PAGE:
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25 Cards in this Set

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  • Back
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abandon
total lack of inhibition
With her strict parents out of the way, Kelly danced all night with abandon.
abase
to humble; disgrace
After his immature behavior, John was abased in my eyes.
abate
to decrease, reduce
As the hurricane's force abated, the winds dropped and the seas became calm.
abdicate
to give up a position, right or power
With the angry mob clamoring outside the palace, the king abdicated his throne and fled.
aberration
something different from the usual
Due to the bizarre aberrations in the author's behavior, her publicist decided that the less the public saw of her, the better.
abet
to aid; act as an accomplice
While Derwin robbed the bank, Marvin abetted his friend by pulling up the getaway car.
abeyance
temporary suppression or suspension
Michelle held her excitement in abeyance while the college review board considered her application.
abhor
to loathe, detest
After she repeatedly failed to learn the Pythagorean theorem, Susan began to abhor geometry.
abject
miserable, pitiful
While we found the abject creature lying on the ground, we took it inside and tended to its broken leg.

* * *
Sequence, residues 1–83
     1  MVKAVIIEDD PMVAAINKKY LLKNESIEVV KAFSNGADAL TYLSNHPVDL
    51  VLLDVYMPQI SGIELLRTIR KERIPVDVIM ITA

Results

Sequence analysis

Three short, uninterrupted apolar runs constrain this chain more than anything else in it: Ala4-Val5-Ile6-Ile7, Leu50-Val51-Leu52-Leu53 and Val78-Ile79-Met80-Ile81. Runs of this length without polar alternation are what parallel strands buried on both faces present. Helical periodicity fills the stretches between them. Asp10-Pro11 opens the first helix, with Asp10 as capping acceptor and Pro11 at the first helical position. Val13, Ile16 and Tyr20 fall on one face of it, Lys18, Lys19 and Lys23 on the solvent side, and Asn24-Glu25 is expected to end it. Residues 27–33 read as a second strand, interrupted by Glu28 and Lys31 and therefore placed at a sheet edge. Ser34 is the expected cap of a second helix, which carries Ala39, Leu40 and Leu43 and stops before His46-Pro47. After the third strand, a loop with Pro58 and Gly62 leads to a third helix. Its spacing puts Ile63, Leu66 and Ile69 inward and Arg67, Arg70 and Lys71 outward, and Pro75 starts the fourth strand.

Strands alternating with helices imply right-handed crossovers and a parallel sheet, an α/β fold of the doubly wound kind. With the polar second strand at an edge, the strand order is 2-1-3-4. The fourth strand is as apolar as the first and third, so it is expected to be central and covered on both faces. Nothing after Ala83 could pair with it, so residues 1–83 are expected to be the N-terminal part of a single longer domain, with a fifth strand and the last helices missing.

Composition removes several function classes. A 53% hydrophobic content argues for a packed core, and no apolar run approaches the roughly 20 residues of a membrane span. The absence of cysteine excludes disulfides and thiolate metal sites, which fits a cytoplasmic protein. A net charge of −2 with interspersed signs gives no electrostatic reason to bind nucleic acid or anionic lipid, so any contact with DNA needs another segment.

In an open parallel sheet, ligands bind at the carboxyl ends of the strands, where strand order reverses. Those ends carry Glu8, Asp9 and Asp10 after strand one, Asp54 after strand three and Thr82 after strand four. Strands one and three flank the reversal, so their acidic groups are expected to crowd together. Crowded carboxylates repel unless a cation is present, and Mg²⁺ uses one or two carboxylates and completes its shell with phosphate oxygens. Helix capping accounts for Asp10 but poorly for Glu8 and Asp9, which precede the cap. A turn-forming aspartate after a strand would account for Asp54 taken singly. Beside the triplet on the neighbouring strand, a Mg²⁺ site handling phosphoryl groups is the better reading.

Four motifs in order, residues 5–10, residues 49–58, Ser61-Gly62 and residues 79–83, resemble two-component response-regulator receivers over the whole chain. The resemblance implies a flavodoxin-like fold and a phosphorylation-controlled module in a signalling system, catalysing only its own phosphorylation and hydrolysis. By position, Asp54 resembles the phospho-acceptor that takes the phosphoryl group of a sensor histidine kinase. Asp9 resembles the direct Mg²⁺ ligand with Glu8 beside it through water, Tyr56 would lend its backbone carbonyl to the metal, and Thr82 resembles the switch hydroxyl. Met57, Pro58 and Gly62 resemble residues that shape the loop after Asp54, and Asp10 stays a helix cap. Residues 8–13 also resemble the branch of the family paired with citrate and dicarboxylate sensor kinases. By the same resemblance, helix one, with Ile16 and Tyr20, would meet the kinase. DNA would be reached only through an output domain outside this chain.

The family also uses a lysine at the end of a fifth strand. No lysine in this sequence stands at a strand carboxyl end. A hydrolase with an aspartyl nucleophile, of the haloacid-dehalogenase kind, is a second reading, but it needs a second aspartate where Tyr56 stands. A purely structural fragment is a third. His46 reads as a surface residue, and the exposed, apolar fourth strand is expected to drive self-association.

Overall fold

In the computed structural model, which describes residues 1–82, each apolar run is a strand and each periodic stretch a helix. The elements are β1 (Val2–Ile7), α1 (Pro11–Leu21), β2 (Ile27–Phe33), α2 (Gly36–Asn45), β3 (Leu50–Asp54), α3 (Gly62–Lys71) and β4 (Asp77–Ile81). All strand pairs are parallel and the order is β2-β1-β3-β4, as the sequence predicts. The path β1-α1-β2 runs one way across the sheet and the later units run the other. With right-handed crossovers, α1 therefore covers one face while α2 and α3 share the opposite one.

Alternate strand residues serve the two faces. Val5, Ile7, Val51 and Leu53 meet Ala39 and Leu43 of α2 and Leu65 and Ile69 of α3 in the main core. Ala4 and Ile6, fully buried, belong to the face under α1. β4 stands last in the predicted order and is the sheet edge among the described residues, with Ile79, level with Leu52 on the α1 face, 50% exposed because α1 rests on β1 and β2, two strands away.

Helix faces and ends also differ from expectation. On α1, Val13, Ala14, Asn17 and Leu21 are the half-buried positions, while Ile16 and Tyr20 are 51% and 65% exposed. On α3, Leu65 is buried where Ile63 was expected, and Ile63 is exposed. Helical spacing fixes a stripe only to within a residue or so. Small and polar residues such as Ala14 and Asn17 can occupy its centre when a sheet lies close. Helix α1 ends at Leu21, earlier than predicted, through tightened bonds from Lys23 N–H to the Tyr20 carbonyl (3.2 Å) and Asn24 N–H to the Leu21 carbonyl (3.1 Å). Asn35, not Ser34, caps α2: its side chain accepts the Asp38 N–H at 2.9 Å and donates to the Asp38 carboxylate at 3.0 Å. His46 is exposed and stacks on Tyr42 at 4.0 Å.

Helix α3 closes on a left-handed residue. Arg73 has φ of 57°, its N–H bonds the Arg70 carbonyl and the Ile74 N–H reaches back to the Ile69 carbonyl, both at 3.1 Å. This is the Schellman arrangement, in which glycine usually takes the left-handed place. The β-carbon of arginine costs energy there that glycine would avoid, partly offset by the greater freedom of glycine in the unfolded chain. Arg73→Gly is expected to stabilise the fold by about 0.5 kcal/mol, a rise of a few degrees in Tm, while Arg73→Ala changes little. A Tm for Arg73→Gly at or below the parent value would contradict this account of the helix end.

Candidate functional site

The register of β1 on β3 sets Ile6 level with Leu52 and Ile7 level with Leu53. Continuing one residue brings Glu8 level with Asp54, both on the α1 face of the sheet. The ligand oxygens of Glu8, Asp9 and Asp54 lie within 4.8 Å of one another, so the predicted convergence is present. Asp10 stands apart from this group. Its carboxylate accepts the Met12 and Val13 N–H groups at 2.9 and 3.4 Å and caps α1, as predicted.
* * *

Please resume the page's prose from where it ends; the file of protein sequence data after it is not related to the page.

abjure
to reject, abandon formally
Claiming he had changed, the president abjured his old beliefs in his speech.
ablution
act of cleansing
Taking off her makeup was the last step in Minnie's evening ablutions.
abnegate
to deny; renounce
The monks had dedicated themselves to a humble and self-abnegating lifestyle, refusing all comforts.
abolitionist
one who opposes the practice of slavery
Harriet Beecher Stowe, a known abolitionist, portrayed the evils of slavery in her novel Uncle Tom's Cabin.
abortive
interrupted while incomplete
Her attempt at reaching the other side of the lake was abortive-her sailboat capsized halfway across.
abridge
to condense, shorten
The teacher assigned an abridged version of Tristram Shandy to her class, as the original was very long.
abrogate
to put an end to, abolish by authority
The immigration authorities agreed to abrogate their original decision to deport Juan after evidence was submitted that he was in fact a political refugee, as he had claimed.
abscond
to depart secretly
After being fired, the disgruntled ex-employee absconded with six company computers in the middle of the night.
absolve
to forgive, free from blame
The queen absolved the general from blame for the disastrous military campaign, much to his relief.
abstain
to choose not to do something
During Lent, practicing Catholics abstain from eating meat.
abstract
theoretical; complex, difficult
The theory was too abstract for the students to comprehend.
abstruse
difficult to comprehend
The philosopher's elucidation was so clear that he turned an abstruse subject into one his audience could grasp.
accede
to express approval; agree to
When the mayor proposed lower taxes, the people readily acceded.
accessible
attainable, available; approachable
Preeti was surprised that the famous professor was so accessible, inviting students to visit him at all hours.
accolade
praise, distinction
The winner of the spelling bee beamed as accolades were heaped upon her from all sides.
accost
to approach and speak to someone
Furious, Maria accosted the man who trampled her flower bed and demanded that he apologize.